Various groups have also called on the federal government to revoke the contract. But the federal government justified its decision on the premise that surveillance of pipelines requires the “involvement of private entities and community stakeholders”.
Ripples Nigeria reported that Tompolo and Asari Dokubo, another prominent Niger-Delta militant leader, are on collision course because of the contract. Dokubo who accused Tompolo of “eating everything alone”, is obviously not pleased that only Tompolo was considered for the humongous contract among prominent N/Delta warlords like himself. “We have capable hands in Rivers and Bayelsa for pipeline protection. So why Tompolo?” he queried in a vituperative video post on social media.
In his opinion, Tompolo should be given only the contract to protect pipelines in Delta State where he hails from, while people from other states in the other Niger Delta region should be the ones to handle contracts for protection of pipelines in their own areas.
A Niger Delta activist and Igba of Warri Kingdom, Chief Rita Lori-Ogbebor accused the government of inciting violence in the N/Delta region via the contract to Tompolo.
She said, “I have come here to call on the world to what is happening in the Niger Delta. Today, there is drum of war in the region.
“There is show of ammunition without fear; people show them without fear.
“I am urging the Federal Government to withdraw the contract of Tompolo because it is the custodian of this country, it cannot leave Niger Delta in the hands of few persons to manage.”
Employ mercenaries if you’re helpless – Security expert tells FG
A Security Expert, Ben Okezie also expressed his disappointment in the federal government over the Tompolo contract. Okezie, who told Ripples Nigeria that he accompanied former IGP Mike Okiro to the region to implement the amnesty programme in 2009, argued that the Buhari government might return the N/Delta to the era of largescale militancy.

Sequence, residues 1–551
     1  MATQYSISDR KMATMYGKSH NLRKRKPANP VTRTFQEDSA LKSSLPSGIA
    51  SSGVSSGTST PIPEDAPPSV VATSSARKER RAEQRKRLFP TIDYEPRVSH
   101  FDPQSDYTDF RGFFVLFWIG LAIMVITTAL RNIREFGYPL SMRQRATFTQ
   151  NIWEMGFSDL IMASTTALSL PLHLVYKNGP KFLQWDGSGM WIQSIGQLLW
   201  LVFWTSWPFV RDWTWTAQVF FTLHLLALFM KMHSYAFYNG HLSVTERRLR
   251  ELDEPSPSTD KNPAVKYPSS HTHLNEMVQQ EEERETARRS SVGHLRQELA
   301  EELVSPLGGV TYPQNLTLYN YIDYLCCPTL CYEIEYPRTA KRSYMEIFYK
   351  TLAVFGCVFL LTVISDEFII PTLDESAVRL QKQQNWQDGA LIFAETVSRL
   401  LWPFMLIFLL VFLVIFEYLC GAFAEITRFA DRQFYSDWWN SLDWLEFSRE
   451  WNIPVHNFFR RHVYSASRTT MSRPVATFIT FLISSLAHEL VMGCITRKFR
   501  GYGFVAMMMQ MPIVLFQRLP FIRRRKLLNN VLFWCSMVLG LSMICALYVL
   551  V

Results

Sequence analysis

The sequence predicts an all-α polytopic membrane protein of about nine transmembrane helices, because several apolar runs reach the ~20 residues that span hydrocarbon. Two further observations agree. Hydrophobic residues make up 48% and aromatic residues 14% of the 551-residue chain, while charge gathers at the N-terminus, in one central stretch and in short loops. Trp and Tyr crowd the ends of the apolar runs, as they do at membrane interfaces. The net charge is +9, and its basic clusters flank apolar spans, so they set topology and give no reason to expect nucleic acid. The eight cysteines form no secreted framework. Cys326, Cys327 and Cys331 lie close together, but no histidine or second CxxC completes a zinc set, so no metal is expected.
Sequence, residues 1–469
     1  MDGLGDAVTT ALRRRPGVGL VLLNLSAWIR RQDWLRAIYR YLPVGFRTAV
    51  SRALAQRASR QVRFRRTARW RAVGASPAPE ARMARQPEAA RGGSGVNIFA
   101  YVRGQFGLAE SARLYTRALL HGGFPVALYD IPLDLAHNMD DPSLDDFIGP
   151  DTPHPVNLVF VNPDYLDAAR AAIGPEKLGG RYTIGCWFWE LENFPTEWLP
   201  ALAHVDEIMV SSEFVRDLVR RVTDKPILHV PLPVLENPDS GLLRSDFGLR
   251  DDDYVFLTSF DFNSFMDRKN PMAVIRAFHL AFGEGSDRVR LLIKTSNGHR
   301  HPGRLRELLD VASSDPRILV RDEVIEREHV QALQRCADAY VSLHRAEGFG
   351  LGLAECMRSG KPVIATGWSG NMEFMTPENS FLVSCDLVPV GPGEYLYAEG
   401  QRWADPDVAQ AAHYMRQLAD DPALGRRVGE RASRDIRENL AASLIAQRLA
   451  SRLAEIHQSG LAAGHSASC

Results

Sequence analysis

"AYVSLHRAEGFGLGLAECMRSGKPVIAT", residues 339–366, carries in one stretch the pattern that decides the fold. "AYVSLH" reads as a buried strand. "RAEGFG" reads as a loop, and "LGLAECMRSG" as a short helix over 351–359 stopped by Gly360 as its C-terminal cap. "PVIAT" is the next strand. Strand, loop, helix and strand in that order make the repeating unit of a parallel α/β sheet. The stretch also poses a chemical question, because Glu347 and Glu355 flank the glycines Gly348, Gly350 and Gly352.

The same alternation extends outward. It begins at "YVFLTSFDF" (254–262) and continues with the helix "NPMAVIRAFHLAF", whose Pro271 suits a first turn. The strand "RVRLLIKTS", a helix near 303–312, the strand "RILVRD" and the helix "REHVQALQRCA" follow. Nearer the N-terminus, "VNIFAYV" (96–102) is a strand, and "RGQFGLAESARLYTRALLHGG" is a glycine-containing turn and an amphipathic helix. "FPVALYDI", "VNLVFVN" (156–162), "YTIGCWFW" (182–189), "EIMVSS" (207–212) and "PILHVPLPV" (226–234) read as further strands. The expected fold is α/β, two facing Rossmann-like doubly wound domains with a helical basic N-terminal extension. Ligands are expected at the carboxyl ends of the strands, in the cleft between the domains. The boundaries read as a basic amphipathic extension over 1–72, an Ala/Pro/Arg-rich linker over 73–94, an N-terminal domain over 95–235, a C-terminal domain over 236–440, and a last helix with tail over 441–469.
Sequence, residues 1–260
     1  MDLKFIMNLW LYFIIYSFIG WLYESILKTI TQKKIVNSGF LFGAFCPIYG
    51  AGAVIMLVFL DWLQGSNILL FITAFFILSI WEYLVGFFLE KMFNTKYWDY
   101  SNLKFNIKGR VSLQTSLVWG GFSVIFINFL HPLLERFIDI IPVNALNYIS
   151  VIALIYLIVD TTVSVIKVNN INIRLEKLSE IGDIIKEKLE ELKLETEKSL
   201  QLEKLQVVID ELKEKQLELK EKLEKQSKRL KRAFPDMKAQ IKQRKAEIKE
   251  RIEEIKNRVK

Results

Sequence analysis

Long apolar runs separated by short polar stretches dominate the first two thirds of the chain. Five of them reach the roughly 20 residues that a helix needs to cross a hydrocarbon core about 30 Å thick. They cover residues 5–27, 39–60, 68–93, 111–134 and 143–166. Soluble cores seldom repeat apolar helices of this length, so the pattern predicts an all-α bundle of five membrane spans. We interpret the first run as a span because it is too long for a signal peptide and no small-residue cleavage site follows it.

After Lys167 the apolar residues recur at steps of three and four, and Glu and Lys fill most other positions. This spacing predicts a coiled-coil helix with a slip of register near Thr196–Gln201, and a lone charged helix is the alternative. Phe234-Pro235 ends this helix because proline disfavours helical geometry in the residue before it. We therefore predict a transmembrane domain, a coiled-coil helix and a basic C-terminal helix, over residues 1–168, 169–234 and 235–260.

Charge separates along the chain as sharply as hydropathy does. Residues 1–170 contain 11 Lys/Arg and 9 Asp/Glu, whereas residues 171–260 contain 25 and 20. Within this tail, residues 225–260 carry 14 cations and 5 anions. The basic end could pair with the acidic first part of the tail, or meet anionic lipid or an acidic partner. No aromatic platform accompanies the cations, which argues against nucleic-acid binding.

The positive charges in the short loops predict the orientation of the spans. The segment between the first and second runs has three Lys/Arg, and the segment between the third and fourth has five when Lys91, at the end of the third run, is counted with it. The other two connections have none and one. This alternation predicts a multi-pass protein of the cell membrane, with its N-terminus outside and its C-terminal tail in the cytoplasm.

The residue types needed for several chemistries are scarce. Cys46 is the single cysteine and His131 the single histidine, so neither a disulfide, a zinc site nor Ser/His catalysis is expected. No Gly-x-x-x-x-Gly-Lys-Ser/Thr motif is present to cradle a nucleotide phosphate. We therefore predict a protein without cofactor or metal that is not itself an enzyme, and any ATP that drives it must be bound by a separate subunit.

“That guy (Tompolo) was once a militant. I remember I followed the then Inspector General of Police, Okiro to go and recover guns from them. We went into the creeks to recover their dangerous weapons. Now, it is the same person they are giving contract. Nobody is asking how did he get money to buy those weapons. Now they are subtly empowering him again.
Are they saying there are no genuine contractors that can handle that job they are giving him. Is he not going to buy arms, to arm his boys? They are empowering him to have access to firearms again.
“That he is repentant is not an excuse. Have we not seen repentant Boko Haram members that still went back to come and cause havoc? This shows that the government are not serious about certain things. It is like asking an armed robber to come and guard a bank because he is repentant,” Okezie retorted.
He urged the federal government to revoke the contract, saying mercenaries could be employed if the security agencies in the country cannot protect oil pipelines.
“What is the essence of all the work that was done in the past? If the federal government is helpless, they should go abroad to get mercenaries. They will do the work and not even receive that much amount.”
Stakeholders are of the view that the contract award to Tompolo could do more harm than good in the Niger Delta, as other militants in a bid to get a piece of the pie could express their opposition to the government move by posing a threat to the idea, and taking up arms to be heard.
Some others however, say Tompolo has a knack and street smartness to be able to get his way while staying under the radar of public scrutiny. They are of the opinion that he could just bring the divergent shades of opposition to agree on a way forward. But in the absence of this, the federal government’s contract for pipeline protection awarded to Tompolo could just spark a new round of agitations and warfare in the Niger Delta region of the country.